April 2, 1966. 

"At the end of the day we gathered on a mesa top, gay with red-checkered tablecloths and a campfire glowing. Everybody was in a merry mood. High spirits were contagious. We all swapped tales about our experiences of the day, while a magnificent drama was proceeding in the sky around us. Sundown and twilight—the unceasing play of lights and shadows and the nuances of colors in the sky and on the sides of the mountains. Sometimes I think the Lord made up in this Western country for what he didn’t give us in rainfall and in verdant vegetation with the glory of the the sky. It was the most superb theater, fit subject for a symphony or a poem—but for me just an hour of delight that was almost tangible—of the heightened feeling of being alive. "

Lady Bird Johnson, A White House Diary, New York: Dell Books, 1971, pg 416-7. Top photo: LBJ Library #C1616-9A, bottom photo via the National Park Service

December 14, 1965. The Outside Task Force on Urban Affairs and Housing, tasked by LBJ to investigate the causes of the riots in Watts, submits its report to the President. Their statement of “the urban problem”: 

“-the great dimensions of unmet housing needs: some 7 million urban families live in homes of such disrepair as to violate housing code standards of major cities.
-the growth of population: 2 million new units of housing are needed each year for the foreseeable future—an increase in the volume of production 25% greater than has ever been achieved before.
-the chronic inability of the country to provide low income housing of adequate quality at a reasonable price…
-the special problem of the poor and the Negro unable to move freely from racial ghettos and subject to heavy exploitation in the costs they pay for the  necessities of life: 3 our of 10 slum houses are now occupied by Negroes, and at high rent levels the proportion of Negro families living in substandard housing is six times greater than that of white families. 
-the inability of metropolitan areas to deal with the movement of people and goods, in particular the failure to provide adequate mass transportation for families who do not own an automobile or where use of private vehicles is unnecessary  uneconomical, or socially undesirable. 
-increasing pressures on municiple costs…
-unnecessary and unwarranted restrictions for the suburban American as well—expressed in uniformity in housing choices, excessive costs of community facilities and services, gross deficiencies in recreation and leisure time opportunities. 
—for all metropolitan residents, urban and suburban alike, unnecessary costs imposed by lengthy journeys to work, growing dangers from water and air pollution.”

Report, “Outside 1965 Task Force on Urban Affairs and Housing”, 12/14/1965, Task Force Reports, Box 3. LBJ Library. Map: Los Angeles Metro, today. 

December 14, 1965. The Outside Task Force on Urban Affairs and Housing, tasked by LBJ to investigate the causes of the riots in Watts, submits its report to the President. Their statement of “the urban problem”:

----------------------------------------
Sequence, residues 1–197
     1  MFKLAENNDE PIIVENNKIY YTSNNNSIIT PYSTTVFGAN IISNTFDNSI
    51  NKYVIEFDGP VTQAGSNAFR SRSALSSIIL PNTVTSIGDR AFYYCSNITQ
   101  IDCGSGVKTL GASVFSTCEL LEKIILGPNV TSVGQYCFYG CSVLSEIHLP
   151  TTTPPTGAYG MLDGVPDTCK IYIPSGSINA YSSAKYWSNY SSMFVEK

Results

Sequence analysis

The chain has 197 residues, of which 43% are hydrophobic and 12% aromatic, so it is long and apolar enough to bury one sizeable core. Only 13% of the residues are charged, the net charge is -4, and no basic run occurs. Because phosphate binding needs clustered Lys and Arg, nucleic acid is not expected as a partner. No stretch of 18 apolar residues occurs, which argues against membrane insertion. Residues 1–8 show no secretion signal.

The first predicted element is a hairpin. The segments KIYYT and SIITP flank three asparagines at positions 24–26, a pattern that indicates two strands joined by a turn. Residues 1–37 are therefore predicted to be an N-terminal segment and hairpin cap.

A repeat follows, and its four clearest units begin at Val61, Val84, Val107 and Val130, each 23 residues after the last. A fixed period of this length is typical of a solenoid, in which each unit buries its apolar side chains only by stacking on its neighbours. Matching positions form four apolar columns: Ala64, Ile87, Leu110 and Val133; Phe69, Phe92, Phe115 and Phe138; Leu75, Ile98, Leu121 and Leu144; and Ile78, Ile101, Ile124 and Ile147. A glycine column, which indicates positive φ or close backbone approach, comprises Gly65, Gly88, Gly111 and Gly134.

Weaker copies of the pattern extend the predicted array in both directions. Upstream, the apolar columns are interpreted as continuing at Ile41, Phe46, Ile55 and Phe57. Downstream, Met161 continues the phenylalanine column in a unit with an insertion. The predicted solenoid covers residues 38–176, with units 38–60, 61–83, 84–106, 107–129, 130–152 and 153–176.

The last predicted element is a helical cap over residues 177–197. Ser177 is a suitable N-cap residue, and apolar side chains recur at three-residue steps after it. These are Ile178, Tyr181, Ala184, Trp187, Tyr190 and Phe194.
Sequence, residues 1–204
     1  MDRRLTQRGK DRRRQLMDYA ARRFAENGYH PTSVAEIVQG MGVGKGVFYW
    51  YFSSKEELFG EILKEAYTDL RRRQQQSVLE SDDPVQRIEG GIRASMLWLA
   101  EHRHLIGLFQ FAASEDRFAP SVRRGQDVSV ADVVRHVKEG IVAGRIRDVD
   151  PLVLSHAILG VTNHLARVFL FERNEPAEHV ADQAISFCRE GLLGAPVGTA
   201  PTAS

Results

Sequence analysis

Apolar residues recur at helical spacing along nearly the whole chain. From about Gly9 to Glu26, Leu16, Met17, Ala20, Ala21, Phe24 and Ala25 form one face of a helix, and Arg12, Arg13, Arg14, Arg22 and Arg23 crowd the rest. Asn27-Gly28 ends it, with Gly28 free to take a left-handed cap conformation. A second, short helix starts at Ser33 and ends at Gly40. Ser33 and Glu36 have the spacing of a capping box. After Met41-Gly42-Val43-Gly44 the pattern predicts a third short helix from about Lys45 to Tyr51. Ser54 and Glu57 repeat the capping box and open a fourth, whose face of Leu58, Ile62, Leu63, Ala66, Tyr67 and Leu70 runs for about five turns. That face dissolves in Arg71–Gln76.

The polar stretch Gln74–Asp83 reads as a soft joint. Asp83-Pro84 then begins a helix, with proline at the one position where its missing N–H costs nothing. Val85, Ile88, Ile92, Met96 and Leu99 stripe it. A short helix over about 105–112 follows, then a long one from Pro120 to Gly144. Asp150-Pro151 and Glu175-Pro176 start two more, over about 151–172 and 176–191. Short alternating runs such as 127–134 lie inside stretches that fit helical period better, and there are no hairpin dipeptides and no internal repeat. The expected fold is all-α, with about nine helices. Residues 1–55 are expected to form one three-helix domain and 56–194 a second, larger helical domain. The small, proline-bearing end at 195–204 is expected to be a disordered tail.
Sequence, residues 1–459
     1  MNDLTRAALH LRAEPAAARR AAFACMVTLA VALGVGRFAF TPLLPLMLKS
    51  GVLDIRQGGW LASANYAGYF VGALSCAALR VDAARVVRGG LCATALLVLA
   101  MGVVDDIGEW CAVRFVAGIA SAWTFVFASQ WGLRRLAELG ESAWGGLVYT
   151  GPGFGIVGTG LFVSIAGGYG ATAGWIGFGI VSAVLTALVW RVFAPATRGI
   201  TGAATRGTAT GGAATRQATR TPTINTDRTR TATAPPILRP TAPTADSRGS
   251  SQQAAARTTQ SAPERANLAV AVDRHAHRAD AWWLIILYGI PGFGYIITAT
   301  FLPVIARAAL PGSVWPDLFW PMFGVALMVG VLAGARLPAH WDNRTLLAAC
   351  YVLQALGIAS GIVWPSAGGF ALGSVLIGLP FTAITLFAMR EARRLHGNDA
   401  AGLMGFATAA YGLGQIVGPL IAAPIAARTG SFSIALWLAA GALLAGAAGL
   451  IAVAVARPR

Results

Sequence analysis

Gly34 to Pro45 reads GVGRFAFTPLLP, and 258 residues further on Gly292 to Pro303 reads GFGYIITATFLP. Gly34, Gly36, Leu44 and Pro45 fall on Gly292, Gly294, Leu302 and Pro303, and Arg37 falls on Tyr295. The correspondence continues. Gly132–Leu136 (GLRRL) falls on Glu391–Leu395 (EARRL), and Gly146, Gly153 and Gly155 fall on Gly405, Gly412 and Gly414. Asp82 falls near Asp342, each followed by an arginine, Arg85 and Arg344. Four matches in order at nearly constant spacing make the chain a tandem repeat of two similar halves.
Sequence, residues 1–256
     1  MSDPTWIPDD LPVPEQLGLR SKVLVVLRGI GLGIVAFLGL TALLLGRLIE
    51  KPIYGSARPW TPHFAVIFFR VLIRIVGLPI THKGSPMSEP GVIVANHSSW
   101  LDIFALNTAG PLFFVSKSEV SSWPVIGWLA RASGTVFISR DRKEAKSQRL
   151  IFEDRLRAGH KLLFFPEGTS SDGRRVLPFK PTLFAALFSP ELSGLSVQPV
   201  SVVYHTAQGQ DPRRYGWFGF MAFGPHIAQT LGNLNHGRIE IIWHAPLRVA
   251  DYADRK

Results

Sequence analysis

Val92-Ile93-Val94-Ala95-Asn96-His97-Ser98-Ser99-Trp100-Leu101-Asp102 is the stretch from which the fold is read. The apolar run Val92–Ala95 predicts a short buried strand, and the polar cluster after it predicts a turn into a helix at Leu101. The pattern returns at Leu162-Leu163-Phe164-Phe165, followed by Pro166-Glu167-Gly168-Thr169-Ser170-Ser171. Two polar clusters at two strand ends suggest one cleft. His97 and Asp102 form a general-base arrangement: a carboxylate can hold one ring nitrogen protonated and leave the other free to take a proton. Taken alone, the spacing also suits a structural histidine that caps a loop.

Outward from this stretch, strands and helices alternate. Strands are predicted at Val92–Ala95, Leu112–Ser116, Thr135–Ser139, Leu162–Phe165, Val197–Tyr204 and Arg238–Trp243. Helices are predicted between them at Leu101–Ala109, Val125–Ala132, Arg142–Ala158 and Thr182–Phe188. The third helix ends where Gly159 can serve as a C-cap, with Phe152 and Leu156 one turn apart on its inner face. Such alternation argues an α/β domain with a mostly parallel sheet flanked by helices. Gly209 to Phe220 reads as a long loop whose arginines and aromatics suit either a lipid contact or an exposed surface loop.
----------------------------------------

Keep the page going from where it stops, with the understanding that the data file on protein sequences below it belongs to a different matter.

-the great dimensions of unmet housing needs: some 7 million urban families live in homes of such disrepair as to violate housing code standards of major cities.

-the growth of population: 2 million new units of housing are needed each year for the foreseeable future—an increase in the volume of production 25% greater than has ever been achieved before.

-the chronic inability of the country to provide low income housing of adequate quality at a reasonable price

-the special problem of the poor and the Negro unable to move freely from racial ghettos and subject to heavy exploitation in the costs they pay for the  necessities of life: 3 our of 10 slum houses are now occupied by Negroes, and at high rent levels the proportion of Negro families living in substandard housing is six times greater than that of white families. 

-the inability of metropolitan areas to deal with the movement of people and goods, in particular the failure to provide adequate mass transportation for families who do not own an automobile or where use of private vehicles is unnecessary  uneconomical, or socially undesirable. 

-increasing pressures on municiple costs

-unnecessary and unwarranted restrictions for the suburban American as well—expressed in uniformity in housing choices, excessive costs of community facilities and services, gross deficiencies in recreation and leisure time opportunities. 

for all metropolitan residents, urban and suburban alike, unnecessary costs imposed by lengthy journeys to work, growing dangers from water and air pollution.”

Report, “Outside 1965 Task Force on Urban Affairs and Housing”, 12/14/1965, Task Force Reports, Box 3. LBJ Library. Map: Los Angeles Metro, today. 

"There is a part of America which was here long before we arrived,

and will be here, if we preserve it, long after we depart: the forests and the flowers, the open prairies and the slope of the hills, the tall mountains, the granite, the limestone, the caliche, the unmarked trails, the winding little streams-well, this is the America that no amount of science or skill can ever recreate or actually ever duplicate.